Run Code when You Leave Your Angular App

Written by Preston Lamb

Posted on Apr 21, 2021

angular

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We have all seen and likely used the ngOnDestroy lifecycle hook. But did you know it doesn't fire when the browser tab is refreshed or closed or the URL is changed to a new page? What do you do if you need to do some cleanup when the entire Angular app is destroyed? It turns out to not be too hard through the use of a @HostListener.

What's the Problem?

I was recently working on an issue in an app that needed to be resolved by clearing a portion of the localStorage when the Angular app redirected to the authentication server. I figured it would be simple; I would just use ngOnDestroy in the main AppComponent and clear the localStorage item! But it turns out that didn't work. The Angular docs say this about the ngOnDestroy hook:

Called immediately before Angular destroys the directive or component.

Notice it does not say that it is called before the browser destroys the Angular app. So my first stab at solving the problem didn't work. Luckily I found another way that's just as simple to solve this problem.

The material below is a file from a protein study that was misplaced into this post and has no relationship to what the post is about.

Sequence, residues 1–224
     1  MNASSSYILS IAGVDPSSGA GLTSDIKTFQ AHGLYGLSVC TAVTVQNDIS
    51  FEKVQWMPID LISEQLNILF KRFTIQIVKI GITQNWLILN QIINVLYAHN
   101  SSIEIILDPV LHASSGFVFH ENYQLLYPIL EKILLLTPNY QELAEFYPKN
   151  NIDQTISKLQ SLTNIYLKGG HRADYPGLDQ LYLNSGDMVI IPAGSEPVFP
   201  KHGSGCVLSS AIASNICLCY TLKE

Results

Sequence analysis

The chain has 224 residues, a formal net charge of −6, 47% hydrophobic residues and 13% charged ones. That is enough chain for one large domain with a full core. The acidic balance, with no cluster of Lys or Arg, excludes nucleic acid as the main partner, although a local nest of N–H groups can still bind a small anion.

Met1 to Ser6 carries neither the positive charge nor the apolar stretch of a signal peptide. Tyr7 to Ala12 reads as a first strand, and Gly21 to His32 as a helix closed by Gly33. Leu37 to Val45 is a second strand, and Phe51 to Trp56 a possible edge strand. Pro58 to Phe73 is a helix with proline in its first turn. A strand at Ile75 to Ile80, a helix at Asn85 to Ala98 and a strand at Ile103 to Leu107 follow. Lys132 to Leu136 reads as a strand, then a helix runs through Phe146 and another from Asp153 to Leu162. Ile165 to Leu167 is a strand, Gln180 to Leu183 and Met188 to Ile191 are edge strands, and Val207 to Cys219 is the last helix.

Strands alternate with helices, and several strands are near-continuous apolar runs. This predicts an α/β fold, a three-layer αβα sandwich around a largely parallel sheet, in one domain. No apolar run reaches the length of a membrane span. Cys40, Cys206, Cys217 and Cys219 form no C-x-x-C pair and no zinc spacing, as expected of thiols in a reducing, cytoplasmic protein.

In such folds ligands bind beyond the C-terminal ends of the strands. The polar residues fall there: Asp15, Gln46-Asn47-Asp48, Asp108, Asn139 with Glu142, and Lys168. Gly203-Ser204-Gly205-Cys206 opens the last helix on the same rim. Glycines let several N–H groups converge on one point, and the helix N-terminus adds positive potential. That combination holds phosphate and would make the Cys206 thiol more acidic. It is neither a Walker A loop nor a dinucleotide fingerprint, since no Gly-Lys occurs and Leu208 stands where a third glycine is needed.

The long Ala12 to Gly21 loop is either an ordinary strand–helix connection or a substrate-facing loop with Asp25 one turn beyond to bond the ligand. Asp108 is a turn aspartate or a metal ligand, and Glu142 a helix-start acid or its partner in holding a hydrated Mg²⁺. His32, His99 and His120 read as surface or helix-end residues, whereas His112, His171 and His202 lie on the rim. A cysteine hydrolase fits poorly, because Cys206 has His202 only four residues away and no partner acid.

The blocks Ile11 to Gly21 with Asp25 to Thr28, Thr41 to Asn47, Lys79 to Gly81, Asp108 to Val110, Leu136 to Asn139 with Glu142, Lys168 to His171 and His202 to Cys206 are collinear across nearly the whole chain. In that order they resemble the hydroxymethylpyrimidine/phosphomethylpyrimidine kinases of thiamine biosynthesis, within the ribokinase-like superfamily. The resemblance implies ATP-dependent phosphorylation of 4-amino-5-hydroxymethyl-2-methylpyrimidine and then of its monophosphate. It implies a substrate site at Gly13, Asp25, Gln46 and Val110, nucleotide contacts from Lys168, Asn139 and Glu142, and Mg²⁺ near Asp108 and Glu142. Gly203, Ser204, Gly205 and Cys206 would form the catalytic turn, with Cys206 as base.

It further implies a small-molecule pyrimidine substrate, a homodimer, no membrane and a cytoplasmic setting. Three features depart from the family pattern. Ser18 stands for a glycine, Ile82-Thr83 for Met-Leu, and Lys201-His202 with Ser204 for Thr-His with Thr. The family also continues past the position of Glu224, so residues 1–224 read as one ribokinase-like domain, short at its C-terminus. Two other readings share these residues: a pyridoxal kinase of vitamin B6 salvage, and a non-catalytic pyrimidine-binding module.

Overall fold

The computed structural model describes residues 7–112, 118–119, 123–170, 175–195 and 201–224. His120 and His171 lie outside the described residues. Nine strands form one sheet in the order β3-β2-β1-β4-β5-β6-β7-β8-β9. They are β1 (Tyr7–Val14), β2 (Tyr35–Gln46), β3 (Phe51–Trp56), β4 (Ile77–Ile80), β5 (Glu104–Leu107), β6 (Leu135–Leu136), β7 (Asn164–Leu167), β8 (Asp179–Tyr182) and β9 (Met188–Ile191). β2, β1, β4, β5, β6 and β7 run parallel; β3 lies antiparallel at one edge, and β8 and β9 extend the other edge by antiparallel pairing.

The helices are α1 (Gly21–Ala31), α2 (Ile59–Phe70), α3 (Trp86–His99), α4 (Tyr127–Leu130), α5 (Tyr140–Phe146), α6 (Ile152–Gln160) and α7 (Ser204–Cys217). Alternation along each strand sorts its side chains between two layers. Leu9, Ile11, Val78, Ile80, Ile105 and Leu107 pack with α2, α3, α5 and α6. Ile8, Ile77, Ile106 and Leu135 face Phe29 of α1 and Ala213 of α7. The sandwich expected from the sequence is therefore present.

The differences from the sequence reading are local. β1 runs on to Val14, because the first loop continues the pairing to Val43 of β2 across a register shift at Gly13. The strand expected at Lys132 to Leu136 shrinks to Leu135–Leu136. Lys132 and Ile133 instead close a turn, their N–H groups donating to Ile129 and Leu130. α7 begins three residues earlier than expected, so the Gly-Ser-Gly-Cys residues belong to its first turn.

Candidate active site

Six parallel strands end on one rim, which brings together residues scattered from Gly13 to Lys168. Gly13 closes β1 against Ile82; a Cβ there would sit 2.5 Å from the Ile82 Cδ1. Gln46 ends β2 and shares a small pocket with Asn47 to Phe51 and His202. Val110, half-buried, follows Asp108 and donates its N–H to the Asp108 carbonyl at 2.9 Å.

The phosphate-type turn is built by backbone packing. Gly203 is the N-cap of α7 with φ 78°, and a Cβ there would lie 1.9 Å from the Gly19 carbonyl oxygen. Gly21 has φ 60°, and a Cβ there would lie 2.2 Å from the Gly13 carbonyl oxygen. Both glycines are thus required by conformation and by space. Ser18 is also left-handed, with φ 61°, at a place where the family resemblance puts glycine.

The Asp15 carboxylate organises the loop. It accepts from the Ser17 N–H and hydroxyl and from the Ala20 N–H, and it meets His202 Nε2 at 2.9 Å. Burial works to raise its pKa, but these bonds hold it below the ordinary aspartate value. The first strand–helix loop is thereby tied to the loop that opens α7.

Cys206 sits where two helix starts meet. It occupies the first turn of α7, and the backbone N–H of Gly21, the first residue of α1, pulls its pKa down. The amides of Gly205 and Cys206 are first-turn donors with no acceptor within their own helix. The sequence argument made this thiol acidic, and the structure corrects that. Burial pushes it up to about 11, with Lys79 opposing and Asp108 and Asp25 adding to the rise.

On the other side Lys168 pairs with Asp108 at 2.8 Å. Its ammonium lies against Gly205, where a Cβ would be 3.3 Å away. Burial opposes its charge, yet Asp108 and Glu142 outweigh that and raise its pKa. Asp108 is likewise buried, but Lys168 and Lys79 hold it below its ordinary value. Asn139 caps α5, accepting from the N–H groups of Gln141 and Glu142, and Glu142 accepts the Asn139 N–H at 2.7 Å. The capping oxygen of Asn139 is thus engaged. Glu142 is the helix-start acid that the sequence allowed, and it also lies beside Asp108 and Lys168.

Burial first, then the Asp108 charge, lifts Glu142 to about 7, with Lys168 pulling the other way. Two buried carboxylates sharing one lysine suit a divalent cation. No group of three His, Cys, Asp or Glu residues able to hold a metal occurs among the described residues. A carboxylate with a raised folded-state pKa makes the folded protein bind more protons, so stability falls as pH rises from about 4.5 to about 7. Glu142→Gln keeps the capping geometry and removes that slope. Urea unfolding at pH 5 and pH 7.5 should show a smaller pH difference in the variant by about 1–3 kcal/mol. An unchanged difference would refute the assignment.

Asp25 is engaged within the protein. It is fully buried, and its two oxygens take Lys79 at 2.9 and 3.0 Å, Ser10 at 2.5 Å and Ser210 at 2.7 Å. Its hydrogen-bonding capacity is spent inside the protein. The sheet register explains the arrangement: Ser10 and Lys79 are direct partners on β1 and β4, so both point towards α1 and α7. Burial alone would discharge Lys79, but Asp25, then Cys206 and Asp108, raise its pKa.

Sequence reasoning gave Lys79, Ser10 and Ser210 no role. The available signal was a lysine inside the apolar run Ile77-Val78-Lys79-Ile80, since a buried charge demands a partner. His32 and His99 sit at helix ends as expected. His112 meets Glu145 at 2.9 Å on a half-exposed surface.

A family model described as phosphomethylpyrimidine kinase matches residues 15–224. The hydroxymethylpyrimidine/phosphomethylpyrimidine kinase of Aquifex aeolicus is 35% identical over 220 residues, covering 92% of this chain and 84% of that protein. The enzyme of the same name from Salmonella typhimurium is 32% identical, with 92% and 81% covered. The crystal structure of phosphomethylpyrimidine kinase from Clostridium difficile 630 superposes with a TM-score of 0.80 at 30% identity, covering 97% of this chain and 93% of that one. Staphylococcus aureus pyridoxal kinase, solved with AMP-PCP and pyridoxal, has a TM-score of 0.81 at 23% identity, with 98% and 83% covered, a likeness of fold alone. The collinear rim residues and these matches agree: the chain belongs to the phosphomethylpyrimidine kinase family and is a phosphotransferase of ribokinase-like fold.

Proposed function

Using the HostListener

Depending on the amount of time you've used Angular, you may or may not know about the HostListener decorator. This decorator "declares a DOM event to listen for, and provides a handler method to run when that event occurs". In other words, you use this decorator in a component to listen to DOM events and run handler functions when the event fires. This is what you can use to run certain pieces of code when the application is destroyed by the browser (by refresh, or changing to a new site, or whatever the case may be).

The two DOM events that I used to accomplish this were beforeunload and unload. The beforeunload event fires when a window is about to unload its resources. The unload event fires when the window is unloading its content and resources. Depending on your situation, either of these could work. Here is how the HostListener can be used with one of these events:

export class AppComponent implements OnInit {
  @HostListener('window:unload', [ '$event' ])
  unloadHandler(event) {
    // ...
  }

  @HostListener('window:beforeunload', [ '$event' ])
  beforeUnloadHandler(event) {
    // ...
  }
}

With these HostListeners, the functions underneath the decorator will be run when the event fires in the browser. Inside those functions is where you will run the cleanup code.

Conclusion

While there isn't a lifecycle hook for the app being destroyed by the browser, a HostListener and an event to listen to will accomplish the same result. You can use this same method for any event that the browser fires.

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